Archive for the ‘Documents’ Category
Tl;dr: update evolution-data-server to stop your client from misbehaving; update gnome-online-accounts to shield yourself from other buggy clients.
Recently, a few bugs in evolution-data-server were causing various GNOME components to hit Google’s daily limit for their CalDAV and Tasks APIs. At least evolution, gnome-calendar and gnome-todo were affected. The bugs have since been fixed, but until every single user out there installs the fix, everybody will be susceptible even if they have a fixed copy of evolution-data-server. This is because Google identifies the clients by the OAuth 2.0 API key used to access their services, and not the version of the code running on them.
We are therefore phasing out the old Google API key used by GNOME so that users updating their systems will have no connection to the one that was tainted by these bugs.
If you are using Fedora 25, make sure you have evolution-data-server-3.22.3-1.fc25 and gnome-online-accounts-3.22.3-1.fc25. For Fedora 24, the versions are evolution-data-server-3.20.6-1.fc24 and gnome-online-accounts-3.20.5-1.fc24.
I spent last weekend at the Core Apps Hackfest in Berlin. The agenda was to work on GNOME’s core applications: Documents, Files, Music, Photos, Videos, Usage, etc.; to raise their overall standard and to make them push beyond the limits of the framework. There were 19 of us and among us we covered a wide range of modules and areas of expertise.
I spent most of my time on the plumbing necessary for Documents and Photos to use GtkFlowBox and GtkListBox. The innards of Photos had already been overhauled to reduce its dependency on GtkTreeModel. Going into the hackfest we were sorely lacking a widget that had all the bells and whistles we need — the idiomatic GNOME 3 selection mode, and seamlessly switching between a list and grid view. So, this is where I decided to focus my energy. As a result, we now have a work-in-progress GdMainBox widget in libgd to replace the old GtkIconView/GtkTreeView-based GdMainView.
In fact, GtkListBox and GtkFlowBox was a recurring theme at the hackfest. Carlos Soriano and Georges were working on using them in Files, and whenever anybody uses them in a non-trivial manner there is the inevitable discussion about performance. Good thing that Benjamin was around. He spent the better part of a tram ride and more than an hour at the whiteboard, sketching out a strategy to make GtkListBox more efficient than it is today.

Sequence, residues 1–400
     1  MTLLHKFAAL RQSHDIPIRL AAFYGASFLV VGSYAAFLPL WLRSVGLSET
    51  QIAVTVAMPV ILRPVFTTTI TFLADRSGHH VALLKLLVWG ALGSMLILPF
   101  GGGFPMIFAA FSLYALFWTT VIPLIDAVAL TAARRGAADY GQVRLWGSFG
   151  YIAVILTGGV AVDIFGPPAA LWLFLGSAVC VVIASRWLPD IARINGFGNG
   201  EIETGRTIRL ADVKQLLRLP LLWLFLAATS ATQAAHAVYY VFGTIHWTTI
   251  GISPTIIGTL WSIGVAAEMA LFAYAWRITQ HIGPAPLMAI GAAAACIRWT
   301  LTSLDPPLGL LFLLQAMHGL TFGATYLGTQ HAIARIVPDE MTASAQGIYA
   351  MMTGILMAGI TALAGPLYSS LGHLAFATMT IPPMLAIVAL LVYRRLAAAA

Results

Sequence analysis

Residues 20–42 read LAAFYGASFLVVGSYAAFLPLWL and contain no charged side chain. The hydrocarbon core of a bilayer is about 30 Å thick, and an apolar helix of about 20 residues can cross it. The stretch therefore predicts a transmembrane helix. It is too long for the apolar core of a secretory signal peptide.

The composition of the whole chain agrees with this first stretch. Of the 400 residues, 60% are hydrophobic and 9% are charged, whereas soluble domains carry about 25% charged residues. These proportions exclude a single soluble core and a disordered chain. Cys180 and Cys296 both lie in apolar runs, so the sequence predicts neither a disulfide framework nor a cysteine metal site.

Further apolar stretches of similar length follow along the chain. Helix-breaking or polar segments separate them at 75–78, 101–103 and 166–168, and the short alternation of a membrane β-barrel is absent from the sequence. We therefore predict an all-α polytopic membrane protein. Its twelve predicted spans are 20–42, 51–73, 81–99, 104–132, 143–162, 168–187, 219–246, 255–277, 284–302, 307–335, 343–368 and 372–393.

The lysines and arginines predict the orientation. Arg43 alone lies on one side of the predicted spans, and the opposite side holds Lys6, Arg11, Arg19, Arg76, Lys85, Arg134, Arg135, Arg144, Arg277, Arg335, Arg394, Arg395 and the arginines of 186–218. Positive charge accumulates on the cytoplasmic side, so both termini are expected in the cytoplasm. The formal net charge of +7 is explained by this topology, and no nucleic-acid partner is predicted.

Like last year, Øyvind joined us. We talked about GEGL, and I finally saw the new GIMP in action. I rarely use GIMP, and I am not sure I have ever built it from source, but I have been reading its sources on a semi-regular basis for almost a year now. It was good to finally address this aberration. Øyvind had with him a cheap hand-held DLNA media renderer that was getting stuck when trying to render more than one image with dleyna-render and Photos. Zeeshan helped me poke at it, but unfortunately we didn’t get anywhere.
Other than that, Petr Stetka impressed everyone with his progress on the new Usage application. Georges refreshed his patches to implement the new Online Accounts Settings panel, Carlos Garnacho helped me with GtkGesture, and I reviewed various patches and branches that had been on my list for a while.
I spent most of the previous week attending the Content Apps Hackfest in Madrid. The agenda was to work on GNOME’s content applications: Documents, Files, Music, Photos and Videos; to identify missing features and sore points; and raise the standard of the overall content experience in GNOME. Of these, I focused mainly on Documents and Photos.
The first day was spent discussing high-level goals:
- Previews – should the content applications take over the role played traditionally by Evince and Eye of GNOME?
- Status and plans about sharing. We are still waiting for a platform-wide sharing framework, but since it is a crucial feature for some of the applications, it has become a case of perfection being the enemy of good.